Object Pass Around:  ADDED 3/18/20 Invite campers to sit in a circle. Give each person a blindfold, and ask them to cover their eyes. Pass different objects around the circle (a pencil, a twig, a rock, a feather, and so forth). Tell campers to touch each object, but not to say what they think the object is. After everyone has had a chance to feel one of the objects, hide it in a bag. Ask the campers to describe the object, then name the object. Pull the object out of the bag and show it to the group. Repeat the process with a new object. Try four or five different objects.

It’s Bingo, Naturally!  ADDED 3/19/20 Split campers into small groups (3-4) and give each group a nature bingo card. Go on a nature hike and remind campers to keep their eyes and ears open for the things listed on their bingo cards. The first group to get nature bingo wins. Ask campers to describe to the group the objects they found to get bingo. If camper group is small allow campers to work individually.  Place an X over items when you see them.  You can win by going diagonally, vertical, horizontal, or a postage stamp in the top right corner.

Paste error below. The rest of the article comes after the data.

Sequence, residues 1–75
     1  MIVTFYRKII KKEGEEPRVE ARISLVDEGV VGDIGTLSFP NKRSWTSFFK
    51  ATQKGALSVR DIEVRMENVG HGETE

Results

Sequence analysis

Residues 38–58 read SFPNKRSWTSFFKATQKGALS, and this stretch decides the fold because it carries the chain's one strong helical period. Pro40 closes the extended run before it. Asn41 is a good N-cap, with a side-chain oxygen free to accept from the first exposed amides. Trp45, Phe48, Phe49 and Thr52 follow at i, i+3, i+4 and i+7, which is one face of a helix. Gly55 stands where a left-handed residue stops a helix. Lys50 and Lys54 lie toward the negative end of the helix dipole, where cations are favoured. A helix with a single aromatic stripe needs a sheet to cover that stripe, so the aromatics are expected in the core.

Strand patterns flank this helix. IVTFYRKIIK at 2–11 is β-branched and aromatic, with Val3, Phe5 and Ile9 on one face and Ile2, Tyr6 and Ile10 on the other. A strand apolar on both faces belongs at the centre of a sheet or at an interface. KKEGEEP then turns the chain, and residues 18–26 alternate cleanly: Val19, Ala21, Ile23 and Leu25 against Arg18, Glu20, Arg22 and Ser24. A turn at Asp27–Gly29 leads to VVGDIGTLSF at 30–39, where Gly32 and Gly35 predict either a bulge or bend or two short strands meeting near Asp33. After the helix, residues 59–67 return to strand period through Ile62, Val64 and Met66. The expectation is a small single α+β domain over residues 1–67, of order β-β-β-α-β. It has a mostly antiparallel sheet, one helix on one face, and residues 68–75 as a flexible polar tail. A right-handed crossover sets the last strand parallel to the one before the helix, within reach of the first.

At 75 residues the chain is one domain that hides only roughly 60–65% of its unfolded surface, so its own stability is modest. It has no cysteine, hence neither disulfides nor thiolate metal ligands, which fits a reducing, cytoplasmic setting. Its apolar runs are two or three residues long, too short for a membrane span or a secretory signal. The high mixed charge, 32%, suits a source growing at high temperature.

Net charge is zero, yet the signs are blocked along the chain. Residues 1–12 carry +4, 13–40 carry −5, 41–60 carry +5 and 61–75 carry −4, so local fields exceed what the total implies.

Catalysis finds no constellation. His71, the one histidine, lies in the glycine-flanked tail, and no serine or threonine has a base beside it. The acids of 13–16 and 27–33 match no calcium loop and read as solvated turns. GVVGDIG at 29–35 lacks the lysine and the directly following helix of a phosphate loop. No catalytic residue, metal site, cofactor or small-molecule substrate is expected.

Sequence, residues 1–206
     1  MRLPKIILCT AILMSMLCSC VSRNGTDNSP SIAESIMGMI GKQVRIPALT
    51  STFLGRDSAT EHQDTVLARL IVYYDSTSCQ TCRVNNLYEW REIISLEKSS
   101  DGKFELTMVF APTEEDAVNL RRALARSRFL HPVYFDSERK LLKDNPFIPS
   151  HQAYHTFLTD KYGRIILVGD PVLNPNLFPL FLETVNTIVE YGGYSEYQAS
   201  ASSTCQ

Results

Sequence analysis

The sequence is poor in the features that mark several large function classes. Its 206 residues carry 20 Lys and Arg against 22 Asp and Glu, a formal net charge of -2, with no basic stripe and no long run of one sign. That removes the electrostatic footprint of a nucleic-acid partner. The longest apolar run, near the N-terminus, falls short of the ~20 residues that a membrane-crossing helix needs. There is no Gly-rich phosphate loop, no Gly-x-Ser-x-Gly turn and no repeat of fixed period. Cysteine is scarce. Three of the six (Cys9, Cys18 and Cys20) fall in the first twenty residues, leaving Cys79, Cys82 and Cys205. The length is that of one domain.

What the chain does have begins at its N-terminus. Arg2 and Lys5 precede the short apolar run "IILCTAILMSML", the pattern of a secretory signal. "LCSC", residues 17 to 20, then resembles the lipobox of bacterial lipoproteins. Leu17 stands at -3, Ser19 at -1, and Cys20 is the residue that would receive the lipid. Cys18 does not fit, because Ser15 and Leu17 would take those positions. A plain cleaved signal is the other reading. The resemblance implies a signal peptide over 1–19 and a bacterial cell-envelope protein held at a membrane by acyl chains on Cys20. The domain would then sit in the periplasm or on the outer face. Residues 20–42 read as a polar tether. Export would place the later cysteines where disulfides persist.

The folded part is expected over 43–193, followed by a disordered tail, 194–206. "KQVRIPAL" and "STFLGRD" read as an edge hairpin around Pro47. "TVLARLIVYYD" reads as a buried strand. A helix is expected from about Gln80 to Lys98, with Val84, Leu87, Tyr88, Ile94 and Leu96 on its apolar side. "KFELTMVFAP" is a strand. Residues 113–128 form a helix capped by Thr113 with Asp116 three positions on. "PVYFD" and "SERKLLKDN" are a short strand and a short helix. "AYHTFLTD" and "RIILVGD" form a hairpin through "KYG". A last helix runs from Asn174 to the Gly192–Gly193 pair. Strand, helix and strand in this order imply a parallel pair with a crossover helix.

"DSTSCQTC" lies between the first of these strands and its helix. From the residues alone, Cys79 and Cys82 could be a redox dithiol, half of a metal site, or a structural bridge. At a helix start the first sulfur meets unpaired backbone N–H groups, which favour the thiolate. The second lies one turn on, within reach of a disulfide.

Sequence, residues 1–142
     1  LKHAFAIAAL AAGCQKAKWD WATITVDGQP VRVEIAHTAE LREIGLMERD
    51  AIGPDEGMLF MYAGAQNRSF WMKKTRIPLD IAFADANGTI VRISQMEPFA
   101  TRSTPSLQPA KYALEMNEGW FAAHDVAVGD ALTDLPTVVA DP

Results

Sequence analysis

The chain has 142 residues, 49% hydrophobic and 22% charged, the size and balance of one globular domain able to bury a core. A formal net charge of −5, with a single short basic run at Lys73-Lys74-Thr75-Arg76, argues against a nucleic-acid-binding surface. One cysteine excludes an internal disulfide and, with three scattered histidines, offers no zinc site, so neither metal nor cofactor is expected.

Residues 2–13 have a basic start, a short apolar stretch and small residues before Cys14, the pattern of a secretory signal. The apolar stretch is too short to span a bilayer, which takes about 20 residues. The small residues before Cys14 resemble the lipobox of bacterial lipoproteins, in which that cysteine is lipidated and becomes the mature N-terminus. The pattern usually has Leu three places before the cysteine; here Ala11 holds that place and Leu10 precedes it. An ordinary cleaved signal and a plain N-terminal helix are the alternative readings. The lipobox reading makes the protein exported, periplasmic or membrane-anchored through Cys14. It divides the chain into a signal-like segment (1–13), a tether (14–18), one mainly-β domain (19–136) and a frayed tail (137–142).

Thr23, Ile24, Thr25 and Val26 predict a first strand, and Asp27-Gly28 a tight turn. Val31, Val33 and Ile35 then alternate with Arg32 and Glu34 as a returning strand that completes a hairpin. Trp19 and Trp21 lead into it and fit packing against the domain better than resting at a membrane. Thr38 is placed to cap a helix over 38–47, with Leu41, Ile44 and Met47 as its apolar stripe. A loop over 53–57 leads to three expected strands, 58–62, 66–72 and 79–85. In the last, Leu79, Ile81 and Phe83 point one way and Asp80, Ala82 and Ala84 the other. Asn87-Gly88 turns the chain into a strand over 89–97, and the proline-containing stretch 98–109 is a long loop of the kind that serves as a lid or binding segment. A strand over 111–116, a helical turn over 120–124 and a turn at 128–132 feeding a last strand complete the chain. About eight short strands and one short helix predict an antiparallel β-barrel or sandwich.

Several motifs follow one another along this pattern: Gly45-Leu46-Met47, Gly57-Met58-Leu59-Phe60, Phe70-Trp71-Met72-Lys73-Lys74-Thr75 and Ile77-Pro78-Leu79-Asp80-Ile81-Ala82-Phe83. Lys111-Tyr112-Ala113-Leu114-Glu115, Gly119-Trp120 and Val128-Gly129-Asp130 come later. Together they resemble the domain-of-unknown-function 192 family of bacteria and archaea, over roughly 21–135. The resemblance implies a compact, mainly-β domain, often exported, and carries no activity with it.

Camel Track


StagRed OakSkunkWhite Pine




Purple Flower


TurtleBirch Tree 






TadpoleFree SpaceAcronWhipperwill




White Oak



Raspberry Bush


DaisyDeer TrackPin OakSnake

Nature Squares:  ADDED 3/20/20 Have campers work in pairs. Each pair needs to think of an object or creature from nature to fill in their square. Share answers and see how many different things the campers can think of.  You’ll need pencils, piece of paper with nature square for each person or pair.  On signal, players fill in the spaces with names of flowers, trees, birds, etc.  The names on each line must start with the letter shown on the left.  At the end of ten minutes, time is called.  Score one point for each correct name.  Score two points for each unusual name not selected by any other player.  Variation:  Could omit one or two suggested headings, could change nature subjects to man-made subjects such as furniture, tools, streets, buildings, etc.